. Just in case I didn’t point it out the first time, you have full correlation ability within your custom traffic variables if you use SAINT. This is amazingly powerful because it means that you don’t have to go through the process of setting up the correlations and you don’t have to worry about using up hundreds of custom traffic variables.
The downside of this approach is that you have to be able to get all the data out of your survey systems and link it back to a primary key. This may be the step that is most tricky. In theory it is just a spreadsheet with the primary key down the left (ie the bit that identifies each respondent) and the questions along the top with their answers in the middle. You can then upload that back into your system using SAINT
as mentioned above. In practice, getting this data may be more difficult than just uploading it in the first place.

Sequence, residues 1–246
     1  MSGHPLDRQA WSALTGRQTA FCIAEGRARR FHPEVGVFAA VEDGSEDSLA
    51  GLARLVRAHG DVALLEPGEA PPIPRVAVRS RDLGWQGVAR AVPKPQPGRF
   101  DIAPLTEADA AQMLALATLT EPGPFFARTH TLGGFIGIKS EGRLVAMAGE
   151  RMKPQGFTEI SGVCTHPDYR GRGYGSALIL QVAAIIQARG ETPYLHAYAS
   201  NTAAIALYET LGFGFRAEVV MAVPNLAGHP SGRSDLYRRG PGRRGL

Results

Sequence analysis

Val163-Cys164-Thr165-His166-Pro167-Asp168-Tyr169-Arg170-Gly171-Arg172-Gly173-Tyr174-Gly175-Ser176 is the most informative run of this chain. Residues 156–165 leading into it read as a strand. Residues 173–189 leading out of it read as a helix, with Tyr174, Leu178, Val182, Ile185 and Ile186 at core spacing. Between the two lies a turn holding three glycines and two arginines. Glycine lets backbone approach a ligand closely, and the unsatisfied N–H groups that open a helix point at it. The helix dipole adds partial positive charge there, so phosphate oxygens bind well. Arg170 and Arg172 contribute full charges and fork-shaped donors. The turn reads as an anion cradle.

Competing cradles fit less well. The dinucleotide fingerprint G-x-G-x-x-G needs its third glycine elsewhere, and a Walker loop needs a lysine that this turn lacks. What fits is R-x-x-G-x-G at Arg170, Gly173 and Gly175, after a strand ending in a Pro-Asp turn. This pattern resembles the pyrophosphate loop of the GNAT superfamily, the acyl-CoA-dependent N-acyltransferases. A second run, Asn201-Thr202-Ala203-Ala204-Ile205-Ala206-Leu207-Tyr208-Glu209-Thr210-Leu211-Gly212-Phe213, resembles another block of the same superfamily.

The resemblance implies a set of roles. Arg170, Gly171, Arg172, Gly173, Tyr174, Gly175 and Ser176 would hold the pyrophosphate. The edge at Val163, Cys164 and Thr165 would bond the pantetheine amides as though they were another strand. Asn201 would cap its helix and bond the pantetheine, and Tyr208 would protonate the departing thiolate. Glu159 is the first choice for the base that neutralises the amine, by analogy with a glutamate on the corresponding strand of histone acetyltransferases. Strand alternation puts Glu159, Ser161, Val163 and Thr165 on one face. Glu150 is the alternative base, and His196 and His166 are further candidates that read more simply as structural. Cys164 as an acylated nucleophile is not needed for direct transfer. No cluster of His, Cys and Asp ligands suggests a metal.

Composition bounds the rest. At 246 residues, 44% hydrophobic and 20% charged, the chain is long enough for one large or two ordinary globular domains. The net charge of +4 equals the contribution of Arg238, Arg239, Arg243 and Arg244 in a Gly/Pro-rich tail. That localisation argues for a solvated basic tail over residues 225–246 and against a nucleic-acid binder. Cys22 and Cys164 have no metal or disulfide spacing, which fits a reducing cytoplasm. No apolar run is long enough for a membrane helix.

I’d also recommend using not just uploading the information into an s_prop, but also uploading it into one of your custom conversion variables. To recap on your custom conversion variables – these work essentially like a series of marketing campaigns. You input your values and then that sticks with you throughout your visit allowing any custom event (or a sale of your product) to be associated with your original variable. These are often set up to monitor people who log in or view promotions on the site. The downside of these variables is that you can’t breakdown more than one at a time, but that’s probably ok for what we are going to do. You can, of course, use the same SAINT treatment as above on your variables if you only want to use one of them rather than one for each question.